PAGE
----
He said that while the pandemic was hard on many businesses, Currency Coffee, at that time mostly a wholesale coffee and equipment business, was particularly hit hard. "We lost 80 percent of our customers in one day when all the restaurants and cafes closed," he said, adding that when they did slowly reopen, restaurants and cafes shifted their coffee orders to their larger suppliers in order to fulfill minimum order deliveries.
Opening a coffee lounge added another facet to the business, Shoemaker said, creating three different divisions for the business — the coffee lounge, wholesale coffee, and equipment sales and service. A full ecommerce website feeds all of the divisions.
At the same time it relocated, Currency Coffee began its Give One, Give One program, through which customers could buy a box of coffee to donate to a frontline worker or organization of their choice. Currency Coffee would then donate a second box to another organization.
"We would deliver it in your name and we would deliver a second to another first responder," Shoemaker said. "We did it for four months."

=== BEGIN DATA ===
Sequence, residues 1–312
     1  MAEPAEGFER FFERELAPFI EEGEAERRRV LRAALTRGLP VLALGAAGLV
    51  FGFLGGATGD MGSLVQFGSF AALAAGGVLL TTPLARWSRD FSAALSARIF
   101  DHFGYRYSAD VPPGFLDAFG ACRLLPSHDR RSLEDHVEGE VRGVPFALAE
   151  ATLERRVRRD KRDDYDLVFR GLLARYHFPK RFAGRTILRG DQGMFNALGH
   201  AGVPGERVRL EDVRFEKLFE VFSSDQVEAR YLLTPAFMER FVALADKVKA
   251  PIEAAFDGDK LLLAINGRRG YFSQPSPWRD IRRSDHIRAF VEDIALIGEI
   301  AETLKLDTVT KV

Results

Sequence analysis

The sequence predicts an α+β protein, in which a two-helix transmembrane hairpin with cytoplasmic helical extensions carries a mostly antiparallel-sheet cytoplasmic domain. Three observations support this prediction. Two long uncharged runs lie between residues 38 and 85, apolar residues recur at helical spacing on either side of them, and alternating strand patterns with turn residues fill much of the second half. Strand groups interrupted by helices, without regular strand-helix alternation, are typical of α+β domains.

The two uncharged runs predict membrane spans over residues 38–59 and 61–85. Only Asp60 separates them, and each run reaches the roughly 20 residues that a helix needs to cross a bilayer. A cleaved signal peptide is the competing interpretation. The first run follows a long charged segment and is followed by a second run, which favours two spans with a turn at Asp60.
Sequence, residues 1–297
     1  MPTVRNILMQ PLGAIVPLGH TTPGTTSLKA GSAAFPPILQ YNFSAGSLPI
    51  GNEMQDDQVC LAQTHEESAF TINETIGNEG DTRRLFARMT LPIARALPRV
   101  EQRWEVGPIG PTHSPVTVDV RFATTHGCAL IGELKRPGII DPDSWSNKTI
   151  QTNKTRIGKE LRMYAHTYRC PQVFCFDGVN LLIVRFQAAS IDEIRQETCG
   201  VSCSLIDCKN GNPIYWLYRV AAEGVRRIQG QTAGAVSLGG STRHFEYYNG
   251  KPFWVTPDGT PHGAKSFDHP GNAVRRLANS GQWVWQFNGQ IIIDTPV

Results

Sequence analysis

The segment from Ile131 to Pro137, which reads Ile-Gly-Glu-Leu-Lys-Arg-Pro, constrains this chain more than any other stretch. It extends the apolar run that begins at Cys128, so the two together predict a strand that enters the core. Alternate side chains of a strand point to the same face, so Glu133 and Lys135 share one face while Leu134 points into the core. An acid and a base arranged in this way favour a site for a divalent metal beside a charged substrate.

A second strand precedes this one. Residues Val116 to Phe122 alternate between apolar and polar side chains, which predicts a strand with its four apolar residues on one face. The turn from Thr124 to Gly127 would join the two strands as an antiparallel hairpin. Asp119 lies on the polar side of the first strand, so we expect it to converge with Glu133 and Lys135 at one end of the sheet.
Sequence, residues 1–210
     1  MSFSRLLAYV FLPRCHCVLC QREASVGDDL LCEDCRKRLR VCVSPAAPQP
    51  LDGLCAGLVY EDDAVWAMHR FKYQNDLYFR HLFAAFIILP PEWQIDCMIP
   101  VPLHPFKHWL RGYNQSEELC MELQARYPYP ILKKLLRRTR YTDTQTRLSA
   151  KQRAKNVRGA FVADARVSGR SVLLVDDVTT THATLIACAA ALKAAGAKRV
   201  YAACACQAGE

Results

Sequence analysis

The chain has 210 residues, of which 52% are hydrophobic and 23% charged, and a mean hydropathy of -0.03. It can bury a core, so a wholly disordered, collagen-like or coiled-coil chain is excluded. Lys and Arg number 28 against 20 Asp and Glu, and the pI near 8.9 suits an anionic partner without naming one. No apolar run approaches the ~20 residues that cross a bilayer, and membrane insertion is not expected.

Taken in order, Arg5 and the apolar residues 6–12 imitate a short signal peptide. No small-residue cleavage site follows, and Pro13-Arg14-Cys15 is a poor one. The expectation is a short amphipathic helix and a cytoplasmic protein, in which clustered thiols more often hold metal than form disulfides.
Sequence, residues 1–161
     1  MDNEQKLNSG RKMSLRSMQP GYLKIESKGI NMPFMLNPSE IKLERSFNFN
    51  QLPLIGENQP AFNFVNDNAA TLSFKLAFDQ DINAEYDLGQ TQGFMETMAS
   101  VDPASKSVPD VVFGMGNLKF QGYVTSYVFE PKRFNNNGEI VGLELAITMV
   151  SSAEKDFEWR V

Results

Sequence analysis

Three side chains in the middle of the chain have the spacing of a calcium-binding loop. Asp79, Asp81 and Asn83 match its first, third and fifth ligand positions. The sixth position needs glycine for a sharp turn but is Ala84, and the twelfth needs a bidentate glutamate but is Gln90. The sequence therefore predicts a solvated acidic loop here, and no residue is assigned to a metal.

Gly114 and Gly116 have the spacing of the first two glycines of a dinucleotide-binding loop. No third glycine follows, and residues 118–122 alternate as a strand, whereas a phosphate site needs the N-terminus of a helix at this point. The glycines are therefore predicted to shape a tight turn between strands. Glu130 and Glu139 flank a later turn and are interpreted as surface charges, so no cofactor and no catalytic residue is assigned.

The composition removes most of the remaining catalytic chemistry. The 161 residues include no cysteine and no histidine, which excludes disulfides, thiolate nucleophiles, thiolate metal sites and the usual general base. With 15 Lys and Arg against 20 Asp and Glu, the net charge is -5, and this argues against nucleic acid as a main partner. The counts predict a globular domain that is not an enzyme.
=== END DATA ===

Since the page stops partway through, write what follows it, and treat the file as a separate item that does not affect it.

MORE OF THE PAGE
Over 1,000 gallons of coffee were bought and matched. Shoemaker said coffee was delivered daily to the Berkshire Medical Center Emergency Department — 10 gallons in the morning and 15 at night. The matching ones were distributed throughout the county. "It gave the customer an opportunity to connect with community; to make donations and thank people, as well," Shoemaker said.
Currency Coffee also began offering free home delivery in Berkshire County and expanded it to the Pioneer Valley. Shoemaker said he and an employee each have put 30,000 miles on their vehicles making the deliveries.
During the pandemic, Shoemaker said, "People found us. Customers came and supported us in ways we couldn't imagine. Customers came in volumes. People who bought donated coffee came back to support us. It meant the world to us."
Shoemaker is currently teaching a course at Berkshire Community College, based on a lecture he has given at Union College in Schenectady, N.Y., "The Chemistry of Coffee."
Another class, a coffee training course for people looking to get an overview of the business, those looking to get into the coffee industry — as a barista or working in a coffee shop environment — also is being eyed.
Of specific goals for the future, Shoemaker said, "How do we take it from here to across the United States? How do we become a regional, national brand?"